9. The American constitution was written on hemp paper
Neither the constitution nor the Declaration of Independence or even the Bill of Rights were written on hemp paper. While the drafts of these three historical documents may have been written on hemp paper, which was widely available at the time, the actual charters were not. They were all set out on vellum, a type of fine parchment (lat. levior membrana) made from calfskin and calf foetuses. While we’re on the subject, the first jeans made by Levi’s were not made from hemp either, but from cotton. The Italian denim material used to produce the first jeans was made from cotton. Denim can be made from hemp as well, but at the time, Strauss used cotton from Genoa.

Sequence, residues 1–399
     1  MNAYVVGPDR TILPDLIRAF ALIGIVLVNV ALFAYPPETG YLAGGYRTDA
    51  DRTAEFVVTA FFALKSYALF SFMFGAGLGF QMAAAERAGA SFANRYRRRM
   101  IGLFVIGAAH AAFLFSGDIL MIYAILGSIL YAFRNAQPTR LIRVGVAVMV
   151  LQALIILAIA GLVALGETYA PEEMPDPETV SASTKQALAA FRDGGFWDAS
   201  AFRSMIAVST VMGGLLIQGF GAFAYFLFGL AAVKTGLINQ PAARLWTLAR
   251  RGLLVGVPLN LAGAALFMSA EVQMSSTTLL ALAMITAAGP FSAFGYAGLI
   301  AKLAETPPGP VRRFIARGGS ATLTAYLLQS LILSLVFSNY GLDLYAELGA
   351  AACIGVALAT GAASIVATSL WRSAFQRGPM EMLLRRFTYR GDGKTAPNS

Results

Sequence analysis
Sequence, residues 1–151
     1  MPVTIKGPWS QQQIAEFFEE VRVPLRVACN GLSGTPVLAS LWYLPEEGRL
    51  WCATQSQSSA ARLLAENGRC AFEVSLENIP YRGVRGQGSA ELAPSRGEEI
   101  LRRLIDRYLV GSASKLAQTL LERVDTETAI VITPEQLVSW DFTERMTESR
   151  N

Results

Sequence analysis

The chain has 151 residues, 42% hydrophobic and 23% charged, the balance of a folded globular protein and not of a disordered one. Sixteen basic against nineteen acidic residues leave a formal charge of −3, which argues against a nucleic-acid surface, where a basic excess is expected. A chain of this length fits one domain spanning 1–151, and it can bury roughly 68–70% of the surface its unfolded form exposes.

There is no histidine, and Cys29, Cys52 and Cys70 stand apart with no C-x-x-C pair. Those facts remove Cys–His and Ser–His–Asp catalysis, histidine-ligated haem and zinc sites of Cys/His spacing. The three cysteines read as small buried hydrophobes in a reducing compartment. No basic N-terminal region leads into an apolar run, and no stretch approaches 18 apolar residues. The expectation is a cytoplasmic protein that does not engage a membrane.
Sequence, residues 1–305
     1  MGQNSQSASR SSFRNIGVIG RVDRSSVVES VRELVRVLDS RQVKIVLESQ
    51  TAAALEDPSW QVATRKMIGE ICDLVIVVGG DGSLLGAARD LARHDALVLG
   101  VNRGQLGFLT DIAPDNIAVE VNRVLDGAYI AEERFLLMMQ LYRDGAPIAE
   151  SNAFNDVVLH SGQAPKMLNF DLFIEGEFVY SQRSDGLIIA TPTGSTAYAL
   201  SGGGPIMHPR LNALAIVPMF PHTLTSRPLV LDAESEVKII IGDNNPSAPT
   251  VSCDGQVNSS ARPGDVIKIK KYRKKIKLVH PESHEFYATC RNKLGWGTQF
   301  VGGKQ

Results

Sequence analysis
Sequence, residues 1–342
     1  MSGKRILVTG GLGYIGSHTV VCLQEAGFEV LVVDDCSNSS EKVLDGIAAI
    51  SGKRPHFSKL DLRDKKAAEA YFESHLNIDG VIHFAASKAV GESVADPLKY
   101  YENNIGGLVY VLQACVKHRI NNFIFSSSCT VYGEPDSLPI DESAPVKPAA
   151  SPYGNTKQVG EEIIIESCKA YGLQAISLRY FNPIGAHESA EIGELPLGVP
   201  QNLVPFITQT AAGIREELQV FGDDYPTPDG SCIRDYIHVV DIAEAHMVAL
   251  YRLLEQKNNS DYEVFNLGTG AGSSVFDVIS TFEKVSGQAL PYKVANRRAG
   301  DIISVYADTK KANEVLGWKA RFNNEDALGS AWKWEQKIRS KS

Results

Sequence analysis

10. The flashback
We keep reading that it’s possible to get high without smoking cannabis first. THC that is not used up supposedly deposits itself in fat cells and is returned to the bloodstream when you sweat or lose weight. However during physical exertion, as well as the body’s own opiates, the cannabinoid anandamide is released which contributes to the so-called ‘runner’s high’.
In addition to these 10 ‘top myths’, there is plenty of further ignorance and half-truths surrounding this illegal plant: there has never been a Lucky Strike or Marlboro cigarette with cannabis and neither did Bruce Lee die from using weed.
I would love to know your own totally personal highlight at firstname.lastname@example.org. Perhaps then together, we will get to the truth.